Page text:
Sadly, even if you don’t identify with this attachment, you may have experienced this type of person before. They’re the ones who call you 58,000 times in the middle of the night thinking you’re upset with them, or the ones who have extreme jealousy issues.
In a nutshell, those with this style have trust issues, resulting in overly emotional, irrational behavior towards their partner.
Disorganized Attachment Style
People with disorganized attachment, aka the most extreme of the insecure attachment style, might have experienced some sort of abuse or trauma in their childhood—possibly a caretaker who a) offered inconsistent emotional support, b) demonstrated verbal, physical or sexual abuse, or c) commited a traumatizing act, such as a father partaking in drug activity or hitting their spouse. If you identify with this style, you may have learned that your attachment figure is someone to be feared. You also might find yourself oscillating between wanting to be loved and needing to protect yourself.
Those with disorganized attachment often feel fear and anxiety with their romantic partners, suffering from a poor self-image. Even if they receive emotional support and connection, they likely feel intense loneliness. Unfortunately, when they experience any sort of stress, it causes the person to act irrationally, ultimately driving themselves away from their partner on purpose.
In a nutshell, those with this style have an extreme desire for closeness, a fear of rejection, and conflicting emotional behavior.
Okay, holy sh*t, that was a lot. By now, you probably have a greater understanding of the different attachment styles and how they affect your relationship. The understanding is that we attract partners who match our own emotional availability. But what’s important to note is that the way to make real change in your relationship is not by changing your partner, but by—yep, you guessed it—owning your sh*t.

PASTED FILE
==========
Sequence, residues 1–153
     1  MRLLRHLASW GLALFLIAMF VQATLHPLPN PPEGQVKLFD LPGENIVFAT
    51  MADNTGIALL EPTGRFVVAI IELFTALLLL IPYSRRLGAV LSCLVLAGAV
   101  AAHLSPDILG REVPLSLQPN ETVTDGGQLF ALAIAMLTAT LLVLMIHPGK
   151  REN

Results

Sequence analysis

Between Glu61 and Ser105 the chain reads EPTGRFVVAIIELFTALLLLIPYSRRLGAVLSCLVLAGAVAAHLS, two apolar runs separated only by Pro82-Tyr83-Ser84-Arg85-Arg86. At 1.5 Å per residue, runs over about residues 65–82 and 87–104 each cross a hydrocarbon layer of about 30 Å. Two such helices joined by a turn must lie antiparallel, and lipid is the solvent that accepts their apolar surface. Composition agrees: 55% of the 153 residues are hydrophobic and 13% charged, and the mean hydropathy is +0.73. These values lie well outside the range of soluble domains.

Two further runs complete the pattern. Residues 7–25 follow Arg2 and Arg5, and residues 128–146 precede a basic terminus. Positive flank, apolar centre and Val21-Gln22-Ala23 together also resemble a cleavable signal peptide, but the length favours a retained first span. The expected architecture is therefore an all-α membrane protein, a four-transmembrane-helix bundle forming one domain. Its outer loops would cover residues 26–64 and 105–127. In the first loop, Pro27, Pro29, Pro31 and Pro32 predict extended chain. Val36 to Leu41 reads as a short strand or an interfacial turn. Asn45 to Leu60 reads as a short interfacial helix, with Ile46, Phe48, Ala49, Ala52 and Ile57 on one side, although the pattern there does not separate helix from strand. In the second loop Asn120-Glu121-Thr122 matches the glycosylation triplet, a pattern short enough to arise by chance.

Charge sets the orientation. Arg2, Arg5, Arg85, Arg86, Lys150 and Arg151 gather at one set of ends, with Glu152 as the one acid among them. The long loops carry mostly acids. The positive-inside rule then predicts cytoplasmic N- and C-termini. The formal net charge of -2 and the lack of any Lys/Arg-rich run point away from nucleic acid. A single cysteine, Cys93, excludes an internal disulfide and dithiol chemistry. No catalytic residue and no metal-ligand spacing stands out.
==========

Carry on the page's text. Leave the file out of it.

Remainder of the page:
We need to learn how to trust ourselves, value our own opinions, find comfort in being alone, and allow others “in” when we need help.
Easier said than done? Absolutely. But by becoming aware of your own baggage (like we did today!), you can take the next step to make significant change. In other words, if you identify with any of the attachments other than secure, don’t despair. Expert opinion suggests that attachment patterns can be improved by nourishing long-term relationships, including friends, romantic partners, therapists, and relationship coaches.
That’s where I come in.
When you work with me, you’ll learn how to:
– Become more self-aware of your role in each of your relationships
– Identify the underlying cause of your conflicts
– Recognize your triggers and manage your responses to them
– Create clear and concise boundaries with yourself and others
– Express yourself with confidence and conviction
– Eliminate repetitive and destructive arguments
– Separate what you can control and what you can’t
– Develop better strategies for communicating under pressure
– Have more realistic expectations of other people
– Alleviate your anger, rage, frustration and resentment
– Stop taking everything personally so you can start having more FUN in your life
I offer a proven approach to help you build the fulfilling, true relationship you desire. Think of this as an actionable plan for fixing your relationship. In other words, I’m not just teaching you what to do—but how to do it.
Sounds pretty life-changing, right? Contact me today to schedule a low-key, no-pressure, no-commitment phone call to see if I’m a good fit for you and to answer any questions you might have.